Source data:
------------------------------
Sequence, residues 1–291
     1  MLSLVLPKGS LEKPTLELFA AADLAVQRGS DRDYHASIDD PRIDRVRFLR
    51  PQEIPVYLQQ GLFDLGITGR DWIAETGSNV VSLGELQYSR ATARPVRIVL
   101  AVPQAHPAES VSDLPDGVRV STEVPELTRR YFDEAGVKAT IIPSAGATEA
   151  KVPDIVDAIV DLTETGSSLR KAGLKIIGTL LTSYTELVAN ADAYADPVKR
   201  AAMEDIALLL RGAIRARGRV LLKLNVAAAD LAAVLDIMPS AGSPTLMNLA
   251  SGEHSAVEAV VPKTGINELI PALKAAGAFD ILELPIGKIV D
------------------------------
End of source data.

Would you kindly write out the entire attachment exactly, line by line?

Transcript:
Sequence, residues 1–291
     1  MLSLVLPKGS LEKPTLELFA AADLAVQRGS DRDYHASIDD PRIDRVRFLR
    51  PQEIPVYLQQ GLFDLGITGR DWIAETGSNV VSLGELQYSR ATARPVRIVL
   101  AVPQAHPAES VSDLPDGVRV STEVPELTRR YFDEAGVKAT IIPSAGATEA
   151  KVPDIVDAIV DLTETGSSLR KAGLKIIGTL LTSYTELVAN ADAYADPVKR
   201  AAMEDIALLL RGAIRARGRV LLKLNVAAAD LAAVLDIMPS AGSPTLMNLA
   251  SGEHSAVEAV VPKTGINELI PALKAAGAFD ILELPIGKIV D